|Year : 2021 | Volume
| Issue : 6 | Page : 547-548
Meiosis: no end in sight
1 State Key Laboratory of Molecular Biology, Shanghai Key Laboratory of Molecular Andrology, Shanghai 200031, China
2 Institute of Biochemistry and Cell Biology, Center for Excellence in Molecular Cell Science, University of Chinese Academy of Sciences, Chinese Academy of Sciences, Shanghai 200031, China
3 School of Life Science, Hangzhou Institute for Advanced Study, University of Chinese Academy of Sciences, Hangzhou 310024, China
|Date of Submission||29-Sep-2021|
|Date of Acceptance||29-Sep-2021|
|Date of Web Publication||22-Oct-2021|
State Key Laboratory of Molecular Biology, Shanghai Key Laboratory of Molecular Andrology, Shanghai 200031; Institute of Biochemistry and Cell Biology, Center for Excellence in Molecular Cell Science, University of Chinese Academy of Sciences, Chinese Academy of Sciences, Shanghai 200031; School of Life Science, Hangzhou Institute for Advanced Study, University of Chinese Academy of Sciences, Hangzhou 310024
Source of Support: None, Conflict of Interest: None
|How to cite this article:|
Tong MH. Meiosis: no end in sight. Asian J Androl 2021;23:547-8
Meiosis is an essential event that generates haploid gametes from diploid progenitors in all sexually reproducing organisms. It involves a single round of DNA replication followed by two rounds of chromosome segregation: separating homologous chromosomes (homologs; meiosis I [MI]), then sister chromatids (meiosis II [MII]). During the first meiotic prophase (MI prophase), homologs undergo recombination, pairing, and synapsis through the formation of the synaptonemal complex (SC). Recombination, the most prominent feature in meiosis, can increase genetic diversity during inheritance and generate physical connections between homologs to ensure their accurate segregation at MI prophase. In humans, meiotic errors can result in either infertility or gametic aneuploidy/mutation (hence, miscarriage or birth defects). With technological advances in the past few decades, researchers have made rapid progress in the field of meiosis. This special issue contains seven papers: five are reviews summarizing our current knowledge on meiosis (in particular mammalian MI prophase), and one is commentary highlighting an original research article on CRISPR-Cas9-based gene therapy for the treatment of meiotic arrest azoospermia in mice.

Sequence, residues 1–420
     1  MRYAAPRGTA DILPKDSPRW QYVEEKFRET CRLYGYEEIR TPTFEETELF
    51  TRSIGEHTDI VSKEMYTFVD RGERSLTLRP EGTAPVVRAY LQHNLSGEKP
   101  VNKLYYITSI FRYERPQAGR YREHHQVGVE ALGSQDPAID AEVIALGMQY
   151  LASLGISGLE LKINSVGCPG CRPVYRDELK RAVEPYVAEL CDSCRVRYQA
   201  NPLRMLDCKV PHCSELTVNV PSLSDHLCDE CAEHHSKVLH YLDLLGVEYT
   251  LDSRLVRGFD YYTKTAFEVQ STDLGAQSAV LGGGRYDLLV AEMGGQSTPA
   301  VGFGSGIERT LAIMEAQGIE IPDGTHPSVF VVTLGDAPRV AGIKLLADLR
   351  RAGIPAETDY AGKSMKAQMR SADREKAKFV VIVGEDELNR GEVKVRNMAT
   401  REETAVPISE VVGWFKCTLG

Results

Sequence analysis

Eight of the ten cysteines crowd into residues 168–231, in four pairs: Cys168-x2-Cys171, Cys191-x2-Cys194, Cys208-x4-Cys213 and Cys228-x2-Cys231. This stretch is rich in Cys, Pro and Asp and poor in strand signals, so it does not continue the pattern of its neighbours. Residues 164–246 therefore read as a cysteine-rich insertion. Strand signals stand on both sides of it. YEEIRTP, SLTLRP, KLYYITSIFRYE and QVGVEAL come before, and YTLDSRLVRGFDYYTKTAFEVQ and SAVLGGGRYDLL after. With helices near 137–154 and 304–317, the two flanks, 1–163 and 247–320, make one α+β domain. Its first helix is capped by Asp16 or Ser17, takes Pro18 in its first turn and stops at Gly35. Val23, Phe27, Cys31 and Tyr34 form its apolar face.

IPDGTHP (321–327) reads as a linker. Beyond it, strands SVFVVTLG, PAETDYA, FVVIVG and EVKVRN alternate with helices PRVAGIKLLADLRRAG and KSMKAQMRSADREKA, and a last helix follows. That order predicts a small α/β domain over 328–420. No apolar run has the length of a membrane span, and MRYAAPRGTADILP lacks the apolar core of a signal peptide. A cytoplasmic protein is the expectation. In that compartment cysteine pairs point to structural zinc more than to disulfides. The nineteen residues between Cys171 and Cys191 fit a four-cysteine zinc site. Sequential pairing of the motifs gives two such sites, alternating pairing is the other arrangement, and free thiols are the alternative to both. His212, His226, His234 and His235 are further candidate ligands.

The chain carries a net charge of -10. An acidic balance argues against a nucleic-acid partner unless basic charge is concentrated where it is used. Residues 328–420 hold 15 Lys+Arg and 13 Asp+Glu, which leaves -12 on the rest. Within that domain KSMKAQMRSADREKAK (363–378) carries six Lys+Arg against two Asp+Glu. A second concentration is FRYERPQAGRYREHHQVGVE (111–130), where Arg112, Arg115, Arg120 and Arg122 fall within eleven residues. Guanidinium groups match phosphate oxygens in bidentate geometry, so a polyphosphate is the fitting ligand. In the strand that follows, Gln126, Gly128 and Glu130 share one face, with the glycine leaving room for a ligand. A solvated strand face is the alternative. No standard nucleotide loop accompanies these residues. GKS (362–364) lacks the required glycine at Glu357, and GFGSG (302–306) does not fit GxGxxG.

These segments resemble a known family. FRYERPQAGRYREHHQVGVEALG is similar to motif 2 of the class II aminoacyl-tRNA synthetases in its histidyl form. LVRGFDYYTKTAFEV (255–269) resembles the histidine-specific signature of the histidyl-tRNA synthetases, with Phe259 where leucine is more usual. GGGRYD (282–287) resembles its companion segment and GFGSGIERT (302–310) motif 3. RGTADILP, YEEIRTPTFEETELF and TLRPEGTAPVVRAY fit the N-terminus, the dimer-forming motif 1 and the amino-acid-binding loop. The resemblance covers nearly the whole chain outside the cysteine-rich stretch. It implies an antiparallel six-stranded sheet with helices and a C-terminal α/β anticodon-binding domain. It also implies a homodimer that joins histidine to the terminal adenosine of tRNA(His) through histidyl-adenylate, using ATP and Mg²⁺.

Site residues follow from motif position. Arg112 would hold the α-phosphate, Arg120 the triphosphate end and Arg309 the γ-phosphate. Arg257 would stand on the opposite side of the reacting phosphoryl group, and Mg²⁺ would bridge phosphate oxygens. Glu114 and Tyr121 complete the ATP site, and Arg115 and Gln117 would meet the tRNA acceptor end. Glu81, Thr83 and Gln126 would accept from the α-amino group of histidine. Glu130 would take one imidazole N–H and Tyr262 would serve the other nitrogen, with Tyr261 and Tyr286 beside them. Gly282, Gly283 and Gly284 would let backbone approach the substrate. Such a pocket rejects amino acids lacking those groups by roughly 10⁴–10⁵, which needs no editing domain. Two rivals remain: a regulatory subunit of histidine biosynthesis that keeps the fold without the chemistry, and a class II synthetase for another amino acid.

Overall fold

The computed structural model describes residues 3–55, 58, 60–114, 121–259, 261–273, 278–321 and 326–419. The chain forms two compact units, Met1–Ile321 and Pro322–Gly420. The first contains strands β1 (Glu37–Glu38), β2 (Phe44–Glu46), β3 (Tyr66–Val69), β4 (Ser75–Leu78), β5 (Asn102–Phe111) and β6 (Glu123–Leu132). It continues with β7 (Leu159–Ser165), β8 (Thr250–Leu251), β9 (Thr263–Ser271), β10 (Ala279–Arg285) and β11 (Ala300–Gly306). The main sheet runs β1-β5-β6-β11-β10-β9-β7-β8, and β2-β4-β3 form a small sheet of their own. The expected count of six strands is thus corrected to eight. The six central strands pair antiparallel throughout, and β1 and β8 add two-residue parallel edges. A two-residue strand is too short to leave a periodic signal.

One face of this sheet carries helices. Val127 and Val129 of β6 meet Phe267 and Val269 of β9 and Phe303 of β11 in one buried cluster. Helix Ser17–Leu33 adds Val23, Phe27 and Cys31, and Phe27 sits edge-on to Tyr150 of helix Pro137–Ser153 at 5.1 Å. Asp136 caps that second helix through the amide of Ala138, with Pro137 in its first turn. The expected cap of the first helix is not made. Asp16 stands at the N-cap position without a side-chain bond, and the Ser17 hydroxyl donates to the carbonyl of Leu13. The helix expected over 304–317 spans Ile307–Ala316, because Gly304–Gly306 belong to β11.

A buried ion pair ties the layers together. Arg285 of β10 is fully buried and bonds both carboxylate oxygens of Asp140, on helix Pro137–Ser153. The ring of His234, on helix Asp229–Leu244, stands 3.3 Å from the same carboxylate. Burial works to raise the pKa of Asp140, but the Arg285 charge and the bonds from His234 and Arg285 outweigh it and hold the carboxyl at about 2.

Given that meiosis is essential for sexual reproduction, it is important to understand how entry into meiosis is initiated. In budding yeast, the gene inducer of meiosis 1 (IME1) is the master controller of meiotic initiation and encodes a transcriptional factor triggering the cascade expression of genes that is essential for meiosis. However, the factors that govern the initiation of meiosis are not conserved and mammals have no ortholog of IME1. It is well known that retinoic acid (RA)-induced genes, including stimulated by retinoic acid gene 8 (Stra8) and Meiosin (also named Gm4969), play crucial roles during mouse meiotic initiation. However, the initiating factor(s) that control mitotic-to-meiotic switch remain unidentified in mammals. In their review, Gewiss and colleagues describe several key pathways controlled by RA and further discuss the major roles of RA and its downstream targets in regulating meiotic entry and completion. They also raise an important question concerning the role of spermatogonial maturation for meiotic initiation.